It can be difficult to keep up the motivation over the whole period of a race like this, so it was a great help as I approached the finishing line to hear the supportive cheers of the Wicklow Triathlon Club crew: one of the great things about club colours is that they can spot “one of their own” from the distance, shouting loudly to egg us along to make a final effort.
So I finished the race in one hour and twenty minutes, a long way behind the winner (who did it in just under an hour) but a good bit ahead of the last person too. Triathlons rank competitors in their age groups, within a five year bracket: so in my age group, I was seventh out of nineteen, which is 37% in percentage terms. Everyone has their own goals in triathlons: I know that for me, being in the top third is my aim. I could never be in the top 10%: I just don’t want to spend that much time and effort training. So yesterday, 37% was OK, if not quite the “less than 33%” that I’d aimed for.
The season has just started: I have plenty more opportunities to meet that goal.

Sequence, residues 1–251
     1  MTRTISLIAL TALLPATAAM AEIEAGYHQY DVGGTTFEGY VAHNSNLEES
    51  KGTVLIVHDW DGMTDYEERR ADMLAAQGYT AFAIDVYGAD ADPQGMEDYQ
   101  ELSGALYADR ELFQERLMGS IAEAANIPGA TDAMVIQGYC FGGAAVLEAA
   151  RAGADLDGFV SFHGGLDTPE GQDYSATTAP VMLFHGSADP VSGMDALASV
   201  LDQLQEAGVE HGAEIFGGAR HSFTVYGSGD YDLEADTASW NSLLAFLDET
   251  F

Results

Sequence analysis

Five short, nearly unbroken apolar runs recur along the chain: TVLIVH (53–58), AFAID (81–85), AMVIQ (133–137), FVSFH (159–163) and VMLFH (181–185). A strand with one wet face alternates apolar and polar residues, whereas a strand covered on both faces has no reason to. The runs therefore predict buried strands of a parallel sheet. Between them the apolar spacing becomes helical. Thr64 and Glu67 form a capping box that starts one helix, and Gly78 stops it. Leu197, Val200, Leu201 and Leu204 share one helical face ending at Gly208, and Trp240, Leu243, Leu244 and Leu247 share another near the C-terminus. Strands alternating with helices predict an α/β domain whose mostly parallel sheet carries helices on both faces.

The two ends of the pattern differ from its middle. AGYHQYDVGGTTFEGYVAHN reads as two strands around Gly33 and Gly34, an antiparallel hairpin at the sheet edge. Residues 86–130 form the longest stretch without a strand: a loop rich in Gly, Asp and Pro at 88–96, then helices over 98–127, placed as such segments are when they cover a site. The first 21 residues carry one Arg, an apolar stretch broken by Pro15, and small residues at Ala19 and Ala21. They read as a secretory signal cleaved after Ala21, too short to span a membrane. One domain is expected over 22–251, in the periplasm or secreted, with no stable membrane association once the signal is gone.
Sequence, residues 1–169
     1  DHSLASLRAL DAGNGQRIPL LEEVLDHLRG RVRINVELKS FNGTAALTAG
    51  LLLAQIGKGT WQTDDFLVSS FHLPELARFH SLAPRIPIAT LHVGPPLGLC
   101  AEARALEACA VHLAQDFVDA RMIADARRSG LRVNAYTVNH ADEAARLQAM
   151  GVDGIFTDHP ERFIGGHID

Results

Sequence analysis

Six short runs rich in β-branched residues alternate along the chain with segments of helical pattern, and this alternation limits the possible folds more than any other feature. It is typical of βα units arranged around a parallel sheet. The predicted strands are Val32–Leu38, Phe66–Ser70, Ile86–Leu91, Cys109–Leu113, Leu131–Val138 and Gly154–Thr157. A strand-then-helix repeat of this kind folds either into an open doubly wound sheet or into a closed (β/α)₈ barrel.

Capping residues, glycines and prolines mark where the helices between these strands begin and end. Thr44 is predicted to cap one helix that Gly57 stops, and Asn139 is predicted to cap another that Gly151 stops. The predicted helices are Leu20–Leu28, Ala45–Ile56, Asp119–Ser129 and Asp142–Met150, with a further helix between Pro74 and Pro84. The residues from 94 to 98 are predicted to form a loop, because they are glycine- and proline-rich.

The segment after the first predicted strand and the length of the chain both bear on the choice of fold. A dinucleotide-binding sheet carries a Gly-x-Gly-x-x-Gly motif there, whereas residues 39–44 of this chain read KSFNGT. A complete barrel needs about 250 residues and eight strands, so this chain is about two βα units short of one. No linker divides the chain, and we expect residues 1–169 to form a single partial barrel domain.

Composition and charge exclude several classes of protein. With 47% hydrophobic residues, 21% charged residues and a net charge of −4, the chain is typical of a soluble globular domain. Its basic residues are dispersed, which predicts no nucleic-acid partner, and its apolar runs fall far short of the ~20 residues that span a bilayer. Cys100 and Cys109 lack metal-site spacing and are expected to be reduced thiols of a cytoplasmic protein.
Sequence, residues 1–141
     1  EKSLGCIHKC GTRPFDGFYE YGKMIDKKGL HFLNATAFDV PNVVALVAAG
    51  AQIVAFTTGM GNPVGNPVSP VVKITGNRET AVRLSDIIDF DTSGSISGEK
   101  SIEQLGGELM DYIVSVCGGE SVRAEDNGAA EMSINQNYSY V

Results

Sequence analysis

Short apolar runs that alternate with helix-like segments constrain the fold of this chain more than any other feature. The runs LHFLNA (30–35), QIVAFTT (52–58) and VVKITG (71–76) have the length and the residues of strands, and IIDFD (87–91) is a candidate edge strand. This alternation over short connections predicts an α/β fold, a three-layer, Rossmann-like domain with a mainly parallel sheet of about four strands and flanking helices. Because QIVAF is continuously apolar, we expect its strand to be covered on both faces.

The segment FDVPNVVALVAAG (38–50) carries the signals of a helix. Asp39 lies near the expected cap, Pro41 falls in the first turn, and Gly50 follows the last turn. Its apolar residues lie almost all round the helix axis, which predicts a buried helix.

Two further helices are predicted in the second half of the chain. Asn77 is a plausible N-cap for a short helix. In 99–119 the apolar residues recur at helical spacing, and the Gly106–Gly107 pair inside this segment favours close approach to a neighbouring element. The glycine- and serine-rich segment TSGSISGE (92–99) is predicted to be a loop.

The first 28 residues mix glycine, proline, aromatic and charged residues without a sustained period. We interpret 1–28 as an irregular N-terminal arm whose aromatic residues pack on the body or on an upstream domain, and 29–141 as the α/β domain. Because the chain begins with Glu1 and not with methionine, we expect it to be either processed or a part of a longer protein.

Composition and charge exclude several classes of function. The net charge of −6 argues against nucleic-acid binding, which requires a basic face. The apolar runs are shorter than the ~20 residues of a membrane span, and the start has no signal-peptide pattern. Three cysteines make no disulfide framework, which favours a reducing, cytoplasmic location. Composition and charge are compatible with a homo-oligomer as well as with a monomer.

After the finish
There’s always a bit of banter after a race, with folk comparing race outcomes, talking about what happened – and what didn’t happen. Humans are social, and the buzz around the end of a race is always enjoyable. We are all perked up with natural neurotransmitter happy hormones: endorphins, dopamines and serotonins. Not to mention cake (kindly supplied by the race organisers).
I had my first outing of a Christmas present: a DryRobe, which is a special type of post-training overcoat designed to keep you warm and dry, as well as allowing you to change clothing modestly while zipped up inside it.
Just before the photo below was taken, someone had asked me a tricky question: “What does a Scotsman wear under his DryRobe?”
Well, now you know.
The race in Carlow was typical: hard work, but enjoyable. For people who’ve never considered doing a triathlon – why not give it a go? Anyone can do it, and it’s both exhilarating and challenging.